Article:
The City by the Bay has joined eight largely rural counties in California by advancing last Tuesday to the least restrictive tier of the state's new reopening criteria by reducing coronavirus transmission to nearly New York levels.
The medical community is sounding the alarm in North Dakota, where hospitals are overwhelmed with COVID patients. With the governor opposed to issuing a statewide mask mandate, physicians are asking local governments and the public for help.
India could be on track to overtake the United States in the number of COVID-19 cases. The surge is explained by a sharp and growing urban-rural divide in the ability and willingness to follow public health measures.
Hospitals in parts of Wisconsin are experiencing a medical crisis reminiscent of New York and Arizona—they are running out of beds due to a surge of COVID-19 patients. The outbreak is statewide, showing no relationship with density.
The Midwest has been the epicenter of coronavirus since late August, led by North and South Dakota. Masks have the potential to significantly reduce viral transmission, but neither state mandates their use. Will a public health campaign help?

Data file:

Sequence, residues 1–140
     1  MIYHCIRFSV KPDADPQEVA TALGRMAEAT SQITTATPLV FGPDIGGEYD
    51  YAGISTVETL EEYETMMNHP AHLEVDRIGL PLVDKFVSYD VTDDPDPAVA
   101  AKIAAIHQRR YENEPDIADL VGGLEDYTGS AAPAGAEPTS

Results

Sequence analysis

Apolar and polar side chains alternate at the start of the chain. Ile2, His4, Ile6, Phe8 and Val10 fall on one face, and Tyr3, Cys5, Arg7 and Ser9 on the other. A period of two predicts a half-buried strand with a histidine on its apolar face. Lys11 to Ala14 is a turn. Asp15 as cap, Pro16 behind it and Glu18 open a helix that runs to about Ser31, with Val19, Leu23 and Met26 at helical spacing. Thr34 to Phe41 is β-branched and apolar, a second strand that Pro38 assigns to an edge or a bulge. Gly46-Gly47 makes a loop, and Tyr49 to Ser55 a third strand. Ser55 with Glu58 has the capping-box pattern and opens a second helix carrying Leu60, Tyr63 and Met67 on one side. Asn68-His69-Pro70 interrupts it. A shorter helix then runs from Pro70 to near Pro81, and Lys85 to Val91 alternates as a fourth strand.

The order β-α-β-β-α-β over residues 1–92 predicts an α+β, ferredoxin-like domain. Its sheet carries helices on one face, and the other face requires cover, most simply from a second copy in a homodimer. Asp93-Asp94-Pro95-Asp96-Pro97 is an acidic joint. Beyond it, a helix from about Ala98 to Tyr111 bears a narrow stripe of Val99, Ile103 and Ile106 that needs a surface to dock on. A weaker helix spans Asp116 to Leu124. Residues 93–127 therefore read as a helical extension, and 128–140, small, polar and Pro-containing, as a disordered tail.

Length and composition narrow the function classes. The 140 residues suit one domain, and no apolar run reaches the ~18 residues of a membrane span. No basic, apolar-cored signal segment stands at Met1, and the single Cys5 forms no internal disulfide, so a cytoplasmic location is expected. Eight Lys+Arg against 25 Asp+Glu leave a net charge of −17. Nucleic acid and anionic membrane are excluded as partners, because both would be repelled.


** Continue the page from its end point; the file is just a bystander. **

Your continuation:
As college students return for the fall semester, college towns are rightfully concerned about an influx of COVID cases, yet self-contained campuses have the potential to succeed where local and state governments may have failed.
During the pandemic's first phase in March and April, the Northeast was devastated by COVID-19. After Memorial Day, the surge was in the South and West. As cases decrease nationwide, they are now spiking in the Midwest, particularly North Dakota.
The Peace Garden State is one of a handful of rural states never to have issued a stay-at-home order, yet it is number three in coronavirus testing per capita and number one in contact tracing, two of the four tools needed to contain COVID-19.
A surge of oil from four countries—Norway, Guyana, Canada and Brazil—will more than compensate for slowing growth of U.S. oil production. The new sources might cause oil prices to dip to $50 a barrel and slow the transition to electric vehicles.
Oil independence, a goal set by President Nixon in the depth of the 1973 energy embargo, was achieved in the last week of November thanks to a fluke in record keeping as well as an "unprecedented boom in American oil production."
A federal judge ruled that the Army Corps of Engineers failed to fully comply with NEPA in allowing the controversial pipeline to cross under the Missouri River. The judge did not order Energy Transfers Partners to cease operations of the pipeline.
Elections have consequences. Per a Jan. 24 executive memo, the Army Corps of Engineers indicated that it will grant Dakota Access LLC the final permit to tunnel under the Missouri River and complete the controversial pipeline.